Transformation Thunderbird

Transformation Thunderbird is a piece that was developed and executed collaboratively by Tina Kuckkahn-Miller (Ojibwe), Director of the Longhouse Education and Cultural Center at The Evergreen State College, Laura Grabhorn (Tlingit/ Haida), Longhouse Assistant Director, Linley Logan (Seneca), Longhouse Northwest Heritage Programs Director, and myself, Erin Genia (Sisseton-Wahpeton Dakota) Longhouse Program Coordinator in 2014. It is made of wool felt, dentalium, mother of pearl, copper jingles, fabric, ribbon, glazed ceramic, plaster of paris and wood pulp, acrylic, cedar, pipestone, and hematite. 
Here is our artist's statement: Transformation Thunderbird is a collaboration of the staff team of The Evergreen State College Longhouse. In addition to being the iconic representation of the Longhouse itself, the Thunderbird is a part of each of our cultures. Thunder comes from the wings of the Dakota Wakinyan, and their piercing eyes shoot lightning – inlaid pipestone conveys that our vision is guided by the people. The copper jingles represent healing and the seven teachings of the Anishinaabe: Truth, Humility, Wisdom, Love, Respect, Bravery and Honesty. The button robe is traditionally a garment that tells others what family the wearer is from. In this instance the robe represents many people and multiple connections we have at the Longhouse and across the Pacific. The waves represent the ocean connecting indigenous cultures along the Pacific Rim. Transformation is innate to an Indigenous world view, and this piece embraces the transformation and growth of relationships over time.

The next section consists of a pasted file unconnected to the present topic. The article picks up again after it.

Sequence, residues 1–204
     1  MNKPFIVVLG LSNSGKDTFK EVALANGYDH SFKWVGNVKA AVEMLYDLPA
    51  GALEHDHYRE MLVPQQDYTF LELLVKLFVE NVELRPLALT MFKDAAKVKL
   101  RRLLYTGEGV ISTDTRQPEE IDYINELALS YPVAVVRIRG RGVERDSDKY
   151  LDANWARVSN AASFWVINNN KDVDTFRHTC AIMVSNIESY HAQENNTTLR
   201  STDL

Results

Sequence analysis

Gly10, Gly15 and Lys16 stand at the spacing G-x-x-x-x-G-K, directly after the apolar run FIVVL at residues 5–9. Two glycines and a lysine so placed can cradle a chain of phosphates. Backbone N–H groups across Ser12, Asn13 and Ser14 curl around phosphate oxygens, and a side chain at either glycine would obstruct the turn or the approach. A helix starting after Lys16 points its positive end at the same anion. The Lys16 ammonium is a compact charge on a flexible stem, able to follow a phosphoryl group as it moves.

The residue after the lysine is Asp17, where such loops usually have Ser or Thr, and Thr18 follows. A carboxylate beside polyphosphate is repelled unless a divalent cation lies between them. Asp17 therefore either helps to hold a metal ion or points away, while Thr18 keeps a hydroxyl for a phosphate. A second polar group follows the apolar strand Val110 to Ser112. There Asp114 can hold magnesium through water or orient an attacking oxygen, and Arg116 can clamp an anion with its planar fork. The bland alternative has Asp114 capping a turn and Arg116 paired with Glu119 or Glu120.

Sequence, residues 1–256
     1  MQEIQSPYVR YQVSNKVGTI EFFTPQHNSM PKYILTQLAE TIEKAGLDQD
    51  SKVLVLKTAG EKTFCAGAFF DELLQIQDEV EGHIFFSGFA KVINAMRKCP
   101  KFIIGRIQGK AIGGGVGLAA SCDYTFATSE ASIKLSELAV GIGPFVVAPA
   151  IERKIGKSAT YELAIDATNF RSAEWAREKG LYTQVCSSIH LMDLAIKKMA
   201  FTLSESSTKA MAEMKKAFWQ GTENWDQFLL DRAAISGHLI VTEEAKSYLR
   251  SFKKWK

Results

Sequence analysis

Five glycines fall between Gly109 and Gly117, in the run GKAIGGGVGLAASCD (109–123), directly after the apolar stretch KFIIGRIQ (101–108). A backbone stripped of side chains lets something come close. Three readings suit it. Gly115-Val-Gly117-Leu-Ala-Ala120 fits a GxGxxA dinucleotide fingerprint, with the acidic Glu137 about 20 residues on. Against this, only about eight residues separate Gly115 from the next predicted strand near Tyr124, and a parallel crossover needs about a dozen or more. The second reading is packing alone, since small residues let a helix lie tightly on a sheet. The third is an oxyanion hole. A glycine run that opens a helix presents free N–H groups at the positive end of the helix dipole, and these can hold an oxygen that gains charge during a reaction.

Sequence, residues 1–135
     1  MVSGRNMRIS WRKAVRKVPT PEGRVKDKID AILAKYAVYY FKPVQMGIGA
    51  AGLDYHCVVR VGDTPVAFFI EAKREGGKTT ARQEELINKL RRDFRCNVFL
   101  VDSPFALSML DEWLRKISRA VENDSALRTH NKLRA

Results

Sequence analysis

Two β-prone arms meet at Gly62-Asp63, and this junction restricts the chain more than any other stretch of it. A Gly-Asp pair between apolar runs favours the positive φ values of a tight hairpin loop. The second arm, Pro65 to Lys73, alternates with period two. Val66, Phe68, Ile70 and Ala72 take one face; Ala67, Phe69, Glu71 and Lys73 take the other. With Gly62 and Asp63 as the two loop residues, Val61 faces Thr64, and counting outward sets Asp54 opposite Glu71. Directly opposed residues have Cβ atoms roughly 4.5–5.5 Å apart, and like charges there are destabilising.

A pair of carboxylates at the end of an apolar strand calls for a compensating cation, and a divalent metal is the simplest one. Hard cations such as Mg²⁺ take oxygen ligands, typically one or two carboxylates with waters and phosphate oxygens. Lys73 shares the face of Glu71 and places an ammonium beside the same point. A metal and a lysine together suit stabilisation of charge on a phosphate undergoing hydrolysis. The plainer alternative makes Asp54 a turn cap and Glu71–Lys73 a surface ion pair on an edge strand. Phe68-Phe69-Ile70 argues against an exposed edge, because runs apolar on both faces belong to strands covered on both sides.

This piece was exhibited at the biennial Maori Market in Wellington, New Zealand in November of 2014. It also appeared in the exhibition, "Building for the Future" at the Evergreen Gallery in Winter 2015, and is now a part of the permanent collection at the Evergreen State College Longhouse.

"Transformation Thunderbird" is now being installed at the Washington State History Museum for the annual juried show, "In the Spirit: Contemporary Northwest Native Arts Exhibition" where it will be on view this summer. 

No comments:

Post a Comment